Your Seatbelt Isn't the Only Thing You Should Be Putting On in the Car This Summer

As a frequent commuter and lover of the road, I knew that I had to make a few changes to stay safe. I've compiled four key tips that I now follow in the hopes that you'll remember that a seatbelt isn't the only thing you should be putting on in the car this summer.
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The scorching summer sun is beating down on folks across the country, and we are all at risk for harmful UV radiation in one unsuspecting location that you probably always thought provided a domain of safety. Most people already know that keeping sunscreen applied and wearing protective sunglasses can prevent serious health problems from forming down the road for you and your family, whether you're at the beach with your family, going for an afternoon jog or just having a nice picnic in the park.

What will likely surprise you is that behind the car windows -- people's fortress of solitude, where millions of drivers feel comfortable applying makeup, shaving, eating, sipping lattes and numerous other strange activities -- affords little protection from the sun. Yes, the front windshield provides great protection, usually shielding you and your passengers from 96 percent of the radiation hitting your car on any given day. However, I recently discovered that the side windows of many popular vehicles only provide an average of 71 percent protection -- a startling low figure that poses long-term UV risk even to children riding in the car. UV exposure is cumulative over a lifetime, like most other diseases. If you are a parent and are aware that children having junk food for breakfast, lunch and dinner is not healthy for the long-term, then being aware of their UV exposure in the car is no different.

This car-window-UV-revelation came after stumbling upon a 2010 study that found that skin cancer including melanoma occurs much more frequently on the left side of the face and body than the right. As an ophthalmologist, I know that cataracts also form more often in the left eye than the right. While I pondered this correlation and the fact that UV radiation is one of the main causes of both skin cancer and cataracts, it suddenly struck me that perhaps during our seemingly-endless daily commutes and summer road trips that the left side of our body is being exposed to much higher levels of radiation that the right.

Armed with a portable UV reader, my inquisitive 8-year-old daughter and I spent a sweat-dripping-down-our-foreheads afternoon trudging across several car dealerships in Los Angeles testing how much radiation was getting through over 30 different cars' side and front windows. The car salespeople were very accommodating, and I think it was because we weren't "kicking the tires," as they say. We tested various makes and models from a range of different years of production. What we found was unanticipated, as some of the most expensive models unexpectedly provided the lowest protection of all the cars tested. For instance, one high-end model with factory tinting only blocked 55 percent of the radiation coming through the side window despite excellent front windshield protection.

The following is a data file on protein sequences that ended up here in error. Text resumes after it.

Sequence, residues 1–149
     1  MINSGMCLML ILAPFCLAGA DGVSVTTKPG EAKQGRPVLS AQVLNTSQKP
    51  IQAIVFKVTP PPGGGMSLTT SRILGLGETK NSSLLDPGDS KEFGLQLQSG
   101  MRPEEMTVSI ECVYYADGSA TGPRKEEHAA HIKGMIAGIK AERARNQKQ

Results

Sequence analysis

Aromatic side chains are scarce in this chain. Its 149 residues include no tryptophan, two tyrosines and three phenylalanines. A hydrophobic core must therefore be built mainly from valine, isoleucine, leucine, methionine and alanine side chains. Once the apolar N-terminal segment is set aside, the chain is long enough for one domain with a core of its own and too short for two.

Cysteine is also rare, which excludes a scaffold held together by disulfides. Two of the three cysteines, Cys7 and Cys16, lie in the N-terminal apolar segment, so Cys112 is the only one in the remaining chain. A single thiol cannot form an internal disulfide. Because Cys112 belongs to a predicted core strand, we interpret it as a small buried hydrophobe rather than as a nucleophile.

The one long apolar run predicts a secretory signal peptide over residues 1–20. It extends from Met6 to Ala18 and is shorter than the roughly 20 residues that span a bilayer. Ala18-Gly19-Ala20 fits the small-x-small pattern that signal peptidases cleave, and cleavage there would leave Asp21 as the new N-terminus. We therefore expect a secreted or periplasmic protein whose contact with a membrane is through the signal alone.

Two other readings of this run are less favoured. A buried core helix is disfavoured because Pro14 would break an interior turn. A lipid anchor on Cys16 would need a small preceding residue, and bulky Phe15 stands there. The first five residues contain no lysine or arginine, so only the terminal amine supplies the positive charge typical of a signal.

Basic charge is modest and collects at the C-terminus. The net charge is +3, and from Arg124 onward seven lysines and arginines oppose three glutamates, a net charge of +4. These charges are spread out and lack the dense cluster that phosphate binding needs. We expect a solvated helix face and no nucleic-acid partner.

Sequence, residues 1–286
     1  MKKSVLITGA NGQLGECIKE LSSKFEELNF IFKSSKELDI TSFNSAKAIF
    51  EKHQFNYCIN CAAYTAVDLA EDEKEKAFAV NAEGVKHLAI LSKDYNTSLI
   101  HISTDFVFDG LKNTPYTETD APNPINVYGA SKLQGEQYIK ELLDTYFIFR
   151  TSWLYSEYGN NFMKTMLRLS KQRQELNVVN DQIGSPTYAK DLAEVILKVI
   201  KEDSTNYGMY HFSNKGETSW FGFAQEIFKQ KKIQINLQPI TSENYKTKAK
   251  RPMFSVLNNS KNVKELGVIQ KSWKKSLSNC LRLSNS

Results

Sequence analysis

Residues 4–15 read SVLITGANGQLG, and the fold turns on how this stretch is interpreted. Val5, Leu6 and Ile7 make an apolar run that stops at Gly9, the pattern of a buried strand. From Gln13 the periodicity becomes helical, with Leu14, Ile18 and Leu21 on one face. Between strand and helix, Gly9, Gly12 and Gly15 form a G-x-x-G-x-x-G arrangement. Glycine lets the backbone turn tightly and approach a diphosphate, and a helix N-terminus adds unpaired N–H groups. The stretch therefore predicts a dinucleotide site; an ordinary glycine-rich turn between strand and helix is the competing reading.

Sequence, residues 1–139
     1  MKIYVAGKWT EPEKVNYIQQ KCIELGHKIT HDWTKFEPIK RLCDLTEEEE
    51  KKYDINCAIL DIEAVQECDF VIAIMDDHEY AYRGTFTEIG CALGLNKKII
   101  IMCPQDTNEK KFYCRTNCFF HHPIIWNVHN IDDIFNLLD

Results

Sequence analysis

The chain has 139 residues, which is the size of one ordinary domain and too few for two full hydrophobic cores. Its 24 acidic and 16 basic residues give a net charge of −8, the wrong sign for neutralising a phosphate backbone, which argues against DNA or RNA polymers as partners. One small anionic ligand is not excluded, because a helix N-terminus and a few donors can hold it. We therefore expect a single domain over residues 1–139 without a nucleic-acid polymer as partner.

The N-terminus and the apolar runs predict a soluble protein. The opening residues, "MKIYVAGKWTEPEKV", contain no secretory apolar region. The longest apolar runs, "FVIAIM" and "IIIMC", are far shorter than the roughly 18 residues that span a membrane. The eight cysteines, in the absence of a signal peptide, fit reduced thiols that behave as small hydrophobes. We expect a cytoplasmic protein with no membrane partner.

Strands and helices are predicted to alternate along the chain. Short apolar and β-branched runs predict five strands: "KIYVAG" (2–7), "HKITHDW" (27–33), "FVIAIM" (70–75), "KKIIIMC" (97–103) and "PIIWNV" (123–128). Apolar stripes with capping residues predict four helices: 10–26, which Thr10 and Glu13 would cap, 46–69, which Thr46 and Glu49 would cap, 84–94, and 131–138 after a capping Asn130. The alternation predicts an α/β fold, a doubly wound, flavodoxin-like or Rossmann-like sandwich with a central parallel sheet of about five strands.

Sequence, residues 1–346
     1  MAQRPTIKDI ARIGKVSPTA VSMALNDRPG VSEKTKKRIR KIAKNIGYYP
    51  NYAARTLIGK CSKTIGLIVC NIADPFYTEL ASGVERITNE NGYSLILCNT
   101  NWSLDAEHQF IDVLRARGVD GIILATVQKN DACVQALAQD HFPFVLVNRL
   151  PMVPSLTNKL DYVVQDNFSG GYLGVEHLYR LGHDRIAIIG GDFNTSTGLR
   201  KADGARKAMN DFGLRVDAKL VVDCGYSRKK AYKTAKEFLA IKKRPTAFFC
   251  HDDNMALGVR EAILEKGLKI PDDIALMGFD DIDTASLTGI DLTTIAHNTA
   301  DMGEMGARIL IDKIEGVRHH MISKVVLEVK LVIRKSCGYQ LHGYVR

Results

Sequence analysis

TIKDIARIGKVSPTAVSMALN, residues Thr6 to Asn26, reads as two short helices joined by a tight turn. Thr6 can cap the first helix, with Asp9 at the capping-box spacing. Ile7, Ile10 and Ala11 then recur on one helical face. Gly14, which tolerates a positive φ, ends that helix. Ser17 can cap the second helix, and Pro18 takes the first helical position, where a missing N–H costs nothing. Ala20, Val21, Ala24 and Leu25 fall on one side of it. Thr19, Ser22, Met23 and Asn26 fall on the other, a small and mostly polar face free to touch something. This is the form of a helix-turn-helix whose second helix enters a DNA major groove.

As a frequent commuter and lover of the road (admittedly, I'm a 1970s muscle car fan), I knew that I had to make a few changes to stay safe. I've compiled four key tips that I now follow in the hopes that you'll remember that a seatbelt isn't the only thing you should be putting on in the car this summer:

1.Put on sunscreen for driving! I recommend putting on no less than SPF 30 and reapplying it every two hours should you have a long drive ahead of you. Make sure to apply it 15 minutes before getting into the car, and even consider making application a part of your daily routine. I also advise using a lotion as opposed to a spray because it's easier to make sure you haven't missed any hard-to-reach spots on your skin. Using a spray in the car can also get a little messy, too! No one is fond of a sticky steering wheel.

2.Put on wrap-around sunglasses! A great rule of thumb to remember when thinking about sunglasses is that more expensive does not equal better, and usually the most fashionable styles may not provide the best protection. By wearing large wrap-around sunglasses, you're blocking the radiation from getting in through the sides of the glasses which can eventually cause cataracts, wrinkles, sun spots or even cancer. Don't forget to only wear sunglasses that clearly state they have 100 percent UV protection. Kids need to protect their eyes with sunglasses too. I battled with one of my daughters on this point, but thankfully Dad prevailed!

3.Put on a clear UV film (... on your car's side windows, that is)! Apply a clear UV film to the side windows of your car as most do not provide good protection from UV radiation. Front windshields of all cars have excellent UV protection due to the UV-blocking clear plastic film that is wedged between the two sheets of glasses that make your windshield shatter-proof. In other words, you do not need to worry about the windshield. By using a clear UV film, you won't run the risk of getting a ticket for illegal tinting. Remember that just because your car comes with factory tinting doesn't mean that it's actually doing a good job of protecting you from the sun. If your windows are already tinted, consider applying an additional clear UV film to be certain. That clear UV film might save you piles of money years from now by avoiding cosmetic skin treatments like IPL and chemical peels for skin pummeled by the sun!

4.Have a super summer!

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